Google has recently unveiled a project that is creating a faster web. By serving up simplified versions of content from select publishers, this is an effort to make the web faster and simpler for mobile searchers. Marketers who care about SEO should see the opportunity: Search engines use page-speed as one factor in how high or low a page shows up in search result rankings. Any opportunity to make your website quicker and your content more accessible is something to pay attention to.
Facebook had a similar creation recently, called “Facebook Instant Articles,” that did the same thing. From Facebook’s perspective, a faster web bringing content right to people’s fingertips means people will stay on their platforms longer. Longer time spent on respective platforms means people could be consuming more ads and driving up the value of the platform with their attention and involvement.
Example of AMP articles in Mobile search
Example of AMP-optimized Page
If anything, AMP is reactionary against the website bloat that is happening in modern web development to make websites snazzy without necessarily increasing usability. AMP is great for SEO, if you’re able to feed into it, because of the featuring that Google is offering for these types of articles. Will it be the one thing that sticks and makes or break your site in a year for SEO? I would guess not.
Here are a couple WordPress Plugins to create a WordPress AMP version of your site quickly on the WordPress platform:
1. WordPress AMP plugin to set up AMP on a WordPress site quickly — Review and Download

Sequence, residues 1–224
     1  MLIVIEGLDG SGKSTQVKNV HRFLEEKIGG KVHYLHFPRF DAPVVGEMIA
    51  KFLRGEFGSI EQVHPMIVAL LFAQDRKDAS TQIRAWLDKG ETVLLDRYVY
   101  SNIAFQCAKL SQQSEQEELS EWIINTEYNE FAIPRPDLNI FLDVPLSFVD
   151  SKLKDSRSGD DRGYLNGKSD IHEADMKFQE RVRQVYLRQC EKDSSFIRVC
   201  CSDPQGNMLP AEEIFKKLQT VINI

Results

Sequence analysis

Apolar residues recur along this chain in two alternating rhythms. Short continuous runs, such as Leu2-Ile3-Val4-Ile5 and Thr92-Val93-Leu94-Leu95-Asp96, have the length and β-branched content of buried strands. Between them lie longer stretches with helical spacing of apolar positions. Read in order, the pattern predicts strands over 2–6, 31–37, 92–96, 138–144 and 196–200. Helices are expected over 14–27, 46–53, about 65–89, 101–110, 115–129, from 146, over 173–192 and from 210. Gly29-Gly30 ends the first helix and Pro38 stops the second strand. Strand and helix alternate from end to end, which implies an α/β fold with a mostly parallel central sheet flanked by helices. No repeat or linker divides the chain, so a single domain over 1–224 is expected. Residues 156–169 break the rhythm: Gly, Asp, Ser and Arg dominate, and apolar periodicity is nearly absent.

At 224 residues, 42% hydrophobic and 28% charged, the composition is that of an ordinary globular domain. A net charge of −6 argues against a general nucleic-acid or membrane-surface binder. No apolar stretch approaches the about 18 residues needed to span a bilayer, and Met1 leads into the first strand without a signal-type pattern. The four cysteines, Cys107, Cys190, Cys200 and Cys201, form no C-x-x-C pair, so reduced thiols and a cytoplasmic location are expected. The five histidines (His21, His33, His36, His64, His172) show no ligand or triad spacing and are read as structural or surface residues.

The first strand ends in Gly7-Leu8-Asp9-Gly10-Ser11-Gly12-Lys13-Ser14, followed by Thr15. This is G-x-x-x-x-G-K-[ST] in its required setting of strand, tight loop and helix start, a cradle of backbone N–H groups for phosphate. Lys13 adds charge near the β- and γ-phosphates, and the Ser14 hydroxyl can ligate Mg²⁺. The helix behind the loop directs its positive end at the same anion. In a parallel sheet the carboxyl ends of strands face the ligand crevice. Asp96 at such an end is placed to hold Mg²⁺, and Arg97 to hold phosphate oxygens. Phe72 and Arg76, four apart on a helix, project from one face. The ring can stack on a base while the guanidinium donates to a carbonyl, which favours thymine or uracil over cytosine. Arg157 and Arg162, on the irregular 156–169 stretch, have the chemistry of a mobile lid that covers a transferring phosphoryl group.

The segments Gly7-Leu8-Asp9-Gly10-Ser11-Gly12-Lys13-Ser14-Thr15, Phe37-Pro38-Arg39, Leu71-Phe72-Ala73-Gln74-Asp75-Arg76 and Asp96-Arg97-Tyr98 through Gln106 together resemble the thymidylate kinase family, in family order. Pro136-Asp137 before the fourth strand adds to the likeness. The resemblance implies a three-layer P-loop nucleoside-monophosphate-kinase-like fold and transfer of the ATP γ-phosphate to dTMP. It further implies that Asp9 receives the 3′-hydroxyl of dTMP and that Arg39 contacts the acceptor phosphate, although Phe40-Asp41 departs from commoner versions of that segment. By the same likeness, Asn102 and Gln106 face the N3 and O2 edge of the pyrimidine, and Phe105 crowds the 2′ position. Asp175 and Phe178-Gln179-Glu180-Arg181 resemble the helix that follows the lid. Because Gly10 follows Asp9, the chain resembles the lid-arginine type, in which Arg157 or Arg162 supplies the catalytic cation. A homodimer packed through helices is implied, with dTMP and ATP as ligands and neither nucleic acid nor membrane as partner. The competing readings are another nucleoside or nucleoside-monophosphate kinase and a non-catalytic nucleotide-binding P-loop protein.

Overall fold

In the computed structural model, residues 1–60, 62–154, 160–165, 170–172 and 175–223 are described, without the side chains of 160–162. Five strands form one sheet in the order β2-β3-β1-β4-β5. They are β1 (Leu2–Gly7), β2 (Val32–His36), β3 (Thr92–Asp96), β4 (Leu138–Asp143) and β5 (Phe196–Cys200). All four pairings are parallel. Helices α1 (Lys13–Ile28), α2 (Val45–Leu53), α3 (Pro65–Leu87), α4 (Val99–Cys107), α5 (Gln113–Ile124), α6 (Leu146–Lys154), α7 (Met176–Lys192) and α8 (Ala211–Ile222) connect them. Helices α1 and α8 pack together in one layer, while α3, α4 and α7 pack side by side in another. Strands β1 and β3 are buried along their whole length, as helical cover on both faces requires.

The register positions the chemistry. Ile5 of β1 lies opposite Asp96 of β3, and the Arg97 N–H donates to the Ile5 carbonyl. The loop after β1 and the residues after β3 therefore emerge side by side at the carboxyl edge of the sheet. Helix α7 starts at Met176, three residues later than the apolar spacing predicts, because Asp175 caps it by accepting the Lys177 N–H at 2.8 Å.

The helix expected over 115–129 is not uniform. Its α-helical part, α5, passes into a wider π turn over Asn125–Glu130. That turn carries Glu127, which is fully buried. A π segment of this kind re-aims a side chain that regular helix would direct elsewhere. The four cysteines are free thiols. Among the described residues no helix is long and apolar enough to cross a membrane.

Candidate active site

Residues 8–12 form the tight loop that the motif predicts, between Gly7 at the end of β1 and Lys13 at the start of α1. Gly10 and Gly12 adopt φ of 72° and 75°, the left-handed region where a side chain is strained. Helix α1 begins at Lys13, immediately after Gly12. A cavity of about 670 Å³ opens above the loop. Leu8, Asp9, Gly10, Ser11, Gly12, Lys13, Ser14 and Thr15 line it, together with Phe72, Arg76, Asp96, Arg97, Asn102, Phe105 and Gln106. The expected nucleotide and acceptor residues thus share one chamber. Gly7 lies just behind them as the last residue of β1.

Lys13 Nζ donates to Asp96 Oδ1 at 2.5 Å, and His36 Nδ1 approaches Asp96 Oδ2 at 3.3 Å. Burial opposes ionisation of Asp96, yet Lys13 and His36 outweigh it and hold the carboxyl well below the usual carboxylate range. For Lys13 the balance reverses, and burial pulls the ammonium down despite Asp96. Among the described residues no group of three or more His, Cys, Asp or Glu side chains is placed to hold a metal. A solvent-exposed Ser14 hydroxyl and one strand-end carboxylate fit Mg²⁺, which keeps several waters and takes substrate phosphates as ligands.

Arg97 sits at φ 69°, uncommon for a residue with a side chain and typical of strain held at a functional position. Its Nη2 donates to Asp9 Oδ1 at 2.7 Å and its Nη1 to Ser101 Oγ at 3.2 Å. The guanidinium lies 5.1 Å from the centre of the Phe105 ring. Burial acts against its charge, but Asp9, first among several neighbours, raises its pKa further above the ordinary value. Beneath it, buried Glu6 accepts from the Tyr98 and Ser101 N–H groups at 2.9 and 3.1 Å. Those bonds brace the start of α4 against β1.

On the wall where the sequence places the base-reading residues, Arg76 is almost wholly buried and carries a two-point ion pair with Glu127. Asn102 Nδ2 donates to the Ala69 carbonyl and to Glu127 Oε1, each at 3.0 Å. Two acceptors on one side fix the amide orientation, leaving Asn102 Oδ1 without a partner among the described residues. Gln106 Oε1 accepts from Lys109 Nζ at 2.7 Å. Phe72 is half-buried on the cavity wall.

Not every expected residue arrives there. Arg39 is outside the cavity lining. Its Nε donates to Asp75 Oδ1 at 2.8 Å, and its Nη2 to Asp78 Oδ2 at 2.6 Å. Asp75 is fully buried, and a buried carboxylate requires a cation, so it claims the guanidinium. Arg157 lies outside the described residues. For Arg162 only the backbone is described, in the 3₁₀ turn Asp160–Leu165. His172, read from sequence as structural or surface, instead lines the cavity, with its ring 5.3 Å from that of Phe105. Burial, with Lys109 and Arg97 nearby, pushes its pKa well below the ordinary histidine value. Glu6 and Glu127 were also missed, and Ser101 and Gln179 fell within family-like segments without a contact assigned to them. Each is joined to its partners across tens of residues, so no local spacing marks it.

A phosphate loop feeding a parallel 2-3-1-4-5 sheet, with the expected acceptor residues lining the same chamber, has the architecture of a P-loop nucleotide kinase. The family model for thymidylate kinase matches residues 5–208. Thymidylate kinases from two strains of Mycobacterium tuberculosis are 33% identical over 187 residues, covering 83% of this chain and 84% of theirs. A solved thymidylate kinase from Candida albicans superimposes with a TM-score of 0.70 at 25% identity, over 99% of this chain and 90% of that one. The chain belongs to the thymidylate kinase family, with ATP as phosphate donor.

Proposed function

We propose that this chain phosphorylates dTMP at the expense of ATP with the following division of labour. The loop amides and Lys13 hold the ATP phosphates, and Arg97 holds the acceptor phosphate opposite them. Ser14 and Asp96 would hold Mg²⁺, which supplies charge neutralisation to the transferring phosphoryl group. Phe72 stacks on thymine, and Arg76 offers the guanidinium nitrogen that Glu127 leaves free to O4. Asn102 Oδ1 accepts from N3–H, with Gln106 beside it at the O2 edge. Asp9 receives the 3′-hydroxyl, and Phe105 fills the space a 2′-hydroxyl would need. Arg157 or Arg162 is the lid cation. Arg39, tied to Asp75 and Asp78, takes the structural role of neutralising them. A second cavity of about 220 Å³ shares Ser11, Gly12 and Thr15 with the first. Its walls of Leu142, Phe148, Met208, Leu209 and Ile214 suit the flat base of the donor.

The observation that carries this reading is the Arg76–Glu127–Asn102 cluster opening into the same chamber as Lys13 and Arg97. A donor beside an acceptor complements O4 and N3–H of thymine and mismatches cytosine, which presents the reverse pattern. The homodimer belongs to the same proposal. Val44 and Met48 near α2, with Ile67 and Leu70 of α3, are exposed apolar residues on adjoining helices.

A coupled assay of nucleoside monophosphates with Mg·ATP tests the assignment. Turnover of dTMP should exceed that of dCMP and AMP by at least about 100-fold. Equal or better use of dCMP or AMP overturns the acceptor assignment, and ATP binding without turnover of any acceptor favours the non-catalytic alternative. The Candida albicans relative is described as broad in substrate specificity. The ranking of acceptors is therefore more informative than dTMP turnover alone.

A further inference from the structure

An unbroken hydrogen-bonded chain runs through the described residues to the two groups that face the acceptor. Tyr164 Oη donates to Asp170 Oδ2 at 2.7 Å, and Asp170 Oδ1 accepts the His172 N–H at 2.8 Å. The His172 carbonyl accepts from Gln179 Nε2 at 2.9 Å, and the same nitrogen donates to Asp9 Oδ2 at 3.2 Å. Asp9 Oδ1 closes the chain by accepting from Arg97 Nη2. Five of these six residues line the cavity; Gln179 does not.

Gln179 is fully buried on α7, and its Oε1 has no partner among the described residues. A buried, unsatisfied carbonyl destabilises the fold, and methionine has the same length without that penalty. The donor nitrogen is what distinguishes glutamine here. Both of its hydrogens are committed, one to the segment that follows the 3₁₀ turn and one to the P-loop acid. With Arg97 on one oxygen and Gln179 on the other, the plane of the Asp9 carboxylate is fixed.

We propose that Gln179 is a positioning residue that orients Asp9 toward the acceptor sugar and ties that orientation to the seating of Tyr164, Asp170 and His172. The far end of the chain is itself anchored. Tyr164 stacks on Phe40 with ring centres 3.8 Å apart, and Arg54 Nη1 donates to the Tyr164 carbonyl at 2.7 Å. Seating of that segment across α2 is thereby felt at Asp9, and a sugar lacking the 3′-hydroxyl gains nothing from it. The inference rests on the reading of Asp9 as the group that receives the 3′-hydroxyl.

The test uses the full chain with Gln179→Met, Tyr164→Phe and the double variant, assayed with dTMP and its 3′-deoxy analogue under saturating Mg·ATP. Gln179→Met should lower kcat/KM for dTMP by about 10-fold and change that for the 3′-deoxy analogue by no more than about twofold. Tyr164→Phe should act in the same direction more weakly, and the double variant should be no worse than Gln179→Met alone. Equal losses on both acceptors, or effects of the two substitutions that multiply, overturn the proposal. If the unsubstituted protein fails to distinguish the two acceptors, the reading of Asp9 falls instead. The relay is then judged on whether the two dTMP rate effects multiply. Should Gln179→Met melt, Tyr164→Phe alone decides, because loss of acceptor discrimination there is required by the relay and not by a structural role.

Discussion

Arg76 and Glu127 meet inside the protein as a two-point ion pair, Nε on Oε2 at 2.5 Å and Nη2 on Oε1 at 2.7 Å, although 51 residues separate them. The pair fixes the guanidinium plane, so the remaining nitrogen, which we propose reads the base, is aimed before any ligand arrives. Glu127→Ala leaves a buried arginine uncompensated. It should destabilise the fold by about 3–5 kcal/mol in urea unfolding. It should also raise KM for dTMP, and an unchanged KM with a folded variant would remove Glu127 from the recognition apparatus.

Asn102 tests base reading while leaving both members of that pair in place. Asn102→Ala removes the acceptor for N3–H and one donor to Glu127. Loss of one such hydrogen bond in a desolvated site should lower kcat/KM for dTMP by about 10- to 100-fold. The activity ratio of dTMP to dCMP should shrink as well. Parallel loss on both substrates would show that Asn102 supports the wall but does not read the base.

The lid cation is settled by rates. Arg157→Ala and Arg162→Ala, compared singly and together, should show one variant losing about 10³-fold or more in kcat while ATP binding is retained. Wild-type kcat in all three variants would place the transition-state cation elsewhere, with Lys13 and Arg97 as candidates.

2. Activate the Custom AMP plugin to create a little bit of design on the AMP version of the site — Review and Download
Because the basic WordPress AMP removes most of the styling, the Custom AMP plugin creates the ability to add your logo and some basic styles, which are all simple CSS, and customize it for Google’s AMP format.
How should you handle the upgrade to Google AMP if you want to get the most out of it for SEO?
Should you rush into implementing Google AMP-friendliness? No. At least, not as I’m writing this in June 2016. The tools to implement this are a bit rusty since they are new. They will undoubtedly be improved, AMP will proliferate, and, in the end, making your site Google AMP-friendly will either become an obvious next step for most sites, or it will remain a bit obscure and evolve into just another type of sped up sites.
The internet is getting faster across the board.
So while Google AMP and Facebook Instant Articles are lessening the size of each page download, the download speed is also getting quicker. They’ll eventually meet in the middle, and with companies with this much capital incentivized to make fast internet connections more common, technological advances will continue to come fast. There’s always the chance that Google’s Fiber, or other similar advances from other big hitters, may make internet so fast that download size isn’t as important.
In the meantime, utilize Gzip compression and caching on your site when possible. And when you have the opportunity to implement Google AMP capability, do it. It’s not a silver bullet—just a progressive enhancement that will allow your content more visibility in very specific situations. Speed makes websites more usable, and Google and other search engines use page-speed as a data point in the order of search results.
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